On Sunday, January 27, 2013 5:58:15 AM UTC-5, rclough wrote:
>  Hi John Mikes 
> Luther did not motivate anybody to kill jews.

Why would you think that could possibly be true? 

If the head of Coca-Cola began a weekly TV program about how your house 
should be burned down, and that your family should have no legal rights, 
and that it is the fault of the viewer if they are not killed, would you 
think it a coincidence that you and your family should be targeted for 

>From the Wiki: http://en.wikipedia.org/wiki/Religious_views_of_Adolf_Hitler

In November 1936 the Roman Catholic prelate Cardinal Michael von Faulhaber 
> met Hitler at Berghof for a three hour meeting. He left the meeting 
> convinced that "Hitler was deeply religious" and that "The Reich Chancellor 
> undoubtedly lives in belief in God. He recognises Christianity as the 
> builder of Western culture".
> Hitler viewed the Jews as enemies of all civilization and as 
> materialistic, unspiritual beings, writing in Mein Kampf: "His life is only 
> of this world, and his spirit is inwardly as alien to true Christianity as 
> his nature two thousand years previous was to the great founder of the new 
> doctrine." Hitler described his supposedly divine mandate for his 
> anti-Semitism: "Hence today I believe that I am acting in accordance with 
> the will of the Almighty Creator: by defending myself against the Jew, I am 
> fighting for the work of the Lord."[102]
> In his rhetoric Hitler also fed on the old accusation of Jewish Deicide.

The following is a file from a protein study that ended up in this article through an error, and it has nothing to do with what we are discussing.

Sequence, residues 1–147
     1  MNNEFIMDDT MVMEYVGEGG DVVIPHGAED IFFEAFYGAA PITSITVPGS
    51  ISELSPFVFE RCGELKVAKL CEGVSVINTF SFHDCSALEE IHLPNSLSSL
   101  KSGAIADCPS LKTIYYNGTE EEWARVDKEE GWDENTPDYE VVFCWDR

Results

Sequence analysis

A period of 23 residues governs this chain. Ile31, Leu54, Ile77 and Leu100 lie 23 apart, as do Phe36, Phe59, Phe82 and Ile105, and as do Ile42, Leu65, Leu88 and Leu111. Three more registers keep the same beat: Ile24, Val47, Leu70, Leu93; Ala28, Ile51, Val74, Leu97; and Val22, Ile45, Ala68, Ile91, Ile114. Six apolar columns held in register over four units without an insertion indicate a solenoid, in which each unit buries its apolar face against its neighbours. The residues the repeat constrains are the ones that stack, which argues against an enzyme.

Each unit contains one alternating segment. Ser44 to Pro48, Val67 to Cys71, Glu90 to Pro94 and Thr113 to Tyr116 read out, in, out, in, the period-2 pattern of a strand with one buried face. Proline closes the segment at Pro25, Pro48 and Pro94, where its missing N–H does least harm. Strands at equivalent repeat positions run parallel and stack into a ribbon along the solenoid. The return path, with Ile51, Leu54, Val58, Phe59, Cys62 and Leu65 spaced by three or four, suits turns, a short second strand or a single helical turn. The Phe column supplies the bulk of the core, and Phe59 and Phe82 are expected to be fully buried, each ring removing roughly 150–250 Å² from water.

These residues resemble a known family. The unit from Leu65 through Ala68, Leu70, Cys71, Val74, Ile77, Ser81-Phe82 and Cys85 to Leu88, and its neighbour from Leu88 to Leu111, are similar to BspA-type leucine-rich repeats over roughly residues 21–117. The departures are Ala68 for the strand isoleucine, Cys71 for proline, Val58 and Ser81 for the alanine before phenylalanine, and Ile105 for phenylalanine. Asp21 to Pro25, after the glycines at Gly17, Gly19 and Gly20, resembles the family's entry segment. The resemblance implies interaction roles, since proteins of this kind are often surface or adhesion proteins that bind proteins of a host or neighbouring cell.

> Because of this it has been speculated that Christian anti-Semitism 
> influenced Hitler's ideas, especially such works as Martin Luther's essay 
> On the Jews and Their Lies and the writings of Paul de Lagarde. Others 
> disagree with this view.[103] In support of this view, Hitler biographer 
> John Toland opines that Hitler "carried within him its teaching that the 
> Jew was the killer of God. The extermination, therefore, could be done 
> without a twinge of conscience since he was merely acting as the avenging 
> hand of God..." Nevertheless, in Mein Kampf Hitler writes of an upbringing 
> in which no particular anti-Semitic prejudice prevailed.
> According to historian Lucy Dawidowicz, anti-Semitism has a long history 
> within Christianity, and that the line of "anti-Semitic descent" from 
> Luther to Hitler is "easy to draw." In her The War Against the Jews, 
> 1933-1945, she writes that Luther and Hitler were obsessed by the 
> "demonologized universe" inhabited by Jews. Dawidowicz states that the 
> similarities between Luther's anti-Jewish writings and modern anti-Semitism 
> are no coincidence, because they derived from a common history of 
> Judenhass, which can be traced to Haman's advice to Ahasuerus, although 
> modern German anti-Semitism also has its roots in German nationalism.[104] 
> Catholic historian José Sánchez argues that Hitler's anti-Semitism was 
> explicitly rooted in Christianity.[105]
> Hitler simplified Arthur de Gobineau's elaborate ideas of struggle for 
> survival among the different races, from which the Aryan race, guided by 
> providence, was supposed to be the torchbearers of civilization.[106] In 
> Hitler's conception, Jews were enemies of all civilization, especially the 
> Volk. Although Hitler has been called a "Social Darwinist, he was not such 
> in the usual sense of the word. Whereas Social Darwinism stressed struggle, 
> change, the survival of the strongest, and a ceaseless battle of 
> competition, Hitler, through the use of modern industrial technology and 
> impersonal bureaucratic methods ended all competition by the ruthless 
> suppression of all opponents."[107] His understanding of Darwinism was 
> incomplete and based loosely on the theory of "survival of the fittest" in 
> a social context, as popularly misunderstood at the time. 

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